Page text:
By Lloyd Gumbo
President Mugabe has singled out two ministers for being proactive and working hard to reduce the impact of Cyclone Dineo, which affected several parts of the country about two months ago.
The Head of State and Government and Commander-in-Chief of the Zimbabwe Defence Forces said while the country’s agricultural programmes benefited from the rains, they also left a trail of destruction in some parts of the country.
Addressing the 105th Ordinary Session of the Zanu-PF Central Committee in Harare last Friday, President Mugabe hailed Environment, Water and Climate Minister Oppah Muchinguri-Kashiri for warning people about the dangers of the floods and Public Service, Labour and Social Welfare Minister Prisca Mupfumira for spear heading mobilisation of resources to help affected communities.
He said the party was expected to pay particular attention to reports from provinces that were most affected by the cyclone.
“Our Minister of Environment and her group were wonderful performers, alerting people and working together with Ministry of Labour for assistance,” said President Mugabe.
“Madzimai iwaya maviri eeh vakashanda zvinofadza. Dai vainzi vanoiswa pa market hataigona kuvatengesa tichiti aiwa ane chake ndeane chake, tsvagaiwo venyu!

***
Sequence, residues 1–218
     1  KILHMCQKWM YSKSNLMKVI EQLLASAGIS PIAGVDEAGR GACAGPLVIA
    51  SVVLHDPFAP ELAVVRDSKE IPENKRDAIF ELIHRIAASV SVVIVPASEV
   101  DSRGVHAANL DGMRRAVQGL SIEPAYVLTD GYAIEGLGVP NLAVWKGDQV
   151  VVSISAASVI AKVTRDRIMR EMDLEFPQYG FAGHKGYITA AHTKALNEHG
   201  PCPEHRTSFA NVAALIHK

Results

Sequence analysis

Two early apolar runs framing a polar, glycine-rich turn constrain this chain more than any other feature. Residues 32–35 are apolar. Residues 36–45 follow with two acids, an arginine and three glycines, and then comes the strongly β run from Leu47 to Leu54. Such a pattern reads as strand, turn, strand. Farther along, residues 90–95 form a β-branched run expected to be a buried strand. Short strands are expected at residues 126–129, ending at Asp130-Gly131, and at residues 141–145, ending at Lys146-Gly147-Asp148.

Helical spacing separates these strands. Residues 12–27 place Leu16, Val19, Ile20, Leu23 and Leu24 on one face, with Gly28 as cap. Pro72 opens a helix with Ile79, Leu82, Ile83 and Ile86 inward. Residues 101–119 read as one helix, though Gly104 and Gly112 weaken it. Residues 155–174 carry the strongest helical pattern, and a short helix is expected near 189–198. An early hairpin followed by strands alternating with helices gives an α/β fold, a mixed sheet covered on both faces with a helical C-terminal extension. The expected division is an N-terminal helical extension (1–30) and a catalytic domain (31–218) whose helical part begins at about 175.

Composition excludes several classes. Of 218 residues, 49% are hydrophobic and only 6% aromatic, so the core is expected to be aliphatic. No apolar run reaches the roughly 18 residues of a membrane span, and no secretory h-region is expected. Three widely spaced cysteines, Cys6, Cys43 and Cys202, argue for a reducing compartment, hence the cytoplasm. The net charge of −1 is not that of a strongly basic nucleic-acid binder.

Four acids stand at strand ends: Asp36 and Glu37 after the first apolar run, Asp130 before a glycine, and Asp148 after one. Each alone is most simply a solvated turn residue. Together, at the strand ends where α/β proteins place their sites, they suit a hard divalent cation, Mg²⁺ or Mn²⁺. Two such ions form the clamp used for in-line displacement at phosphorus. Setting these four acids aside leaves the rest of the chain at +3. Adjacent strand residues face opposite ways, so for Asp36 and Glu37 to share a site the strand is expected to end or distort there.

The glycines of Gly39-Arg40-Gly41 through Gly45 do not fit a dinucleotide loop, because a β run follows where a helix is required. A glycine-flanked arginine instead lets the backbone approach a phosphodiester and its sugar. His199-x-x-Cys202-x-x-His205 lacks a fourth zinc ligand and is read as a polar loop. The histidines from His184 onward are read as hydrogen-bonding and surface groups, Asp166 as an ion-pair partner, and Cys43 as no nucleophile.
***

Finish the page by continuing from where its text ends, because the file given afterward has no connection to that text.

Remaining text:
“We were quick as Government in moving to places that were affected in order to assuage the challenges that were faced by families that are still displaced from unfortunate events where a number of people died.”
President Mugabe said the rains brought both fortunes and misfortune.
He said the country was expected to record high yields, thanks to the rains, though the country had at the same time suffered when bridges were swept away and other infrastructure such as water facilities were destroyed.
Some villagers were marooned, for instance in Masvingo, Midlands and Matabeleland South.
“I am glad that our security service rendered its service, going with helicopters to try and uplift the people from points of danger, we thank them,” said President Mugabe.
“Zvinonzi chakanaka chakanaka mukaka haurungwi munyu. Mwari akatipa mufaro watanga tisati tamboona. Mvura yakawanda kudai. Small rivers that had gone dry were full, our dams that had also gone dry in some places or too low are now spilling.
“So, there is lots of water, water, water everywhere now. So, it’s another phase of our Command Agriculture. I do hope that we will do the same during the dry season as we did during the wet season.”
Government recently opened up invitations to humanitarian organisations and the international community to help in the rebuilding of destroyed infrastructure and provision of humanitarian assistance to affected communities.
It is estimated that refurbishment of destroyed infrastructure and humanitarian assistance will chew hundreds of millions of dollars.
The United Nations office in Zimbabwe and some non-governmental organisations have already indicated their willingness to join hands with Government in helping affected communities.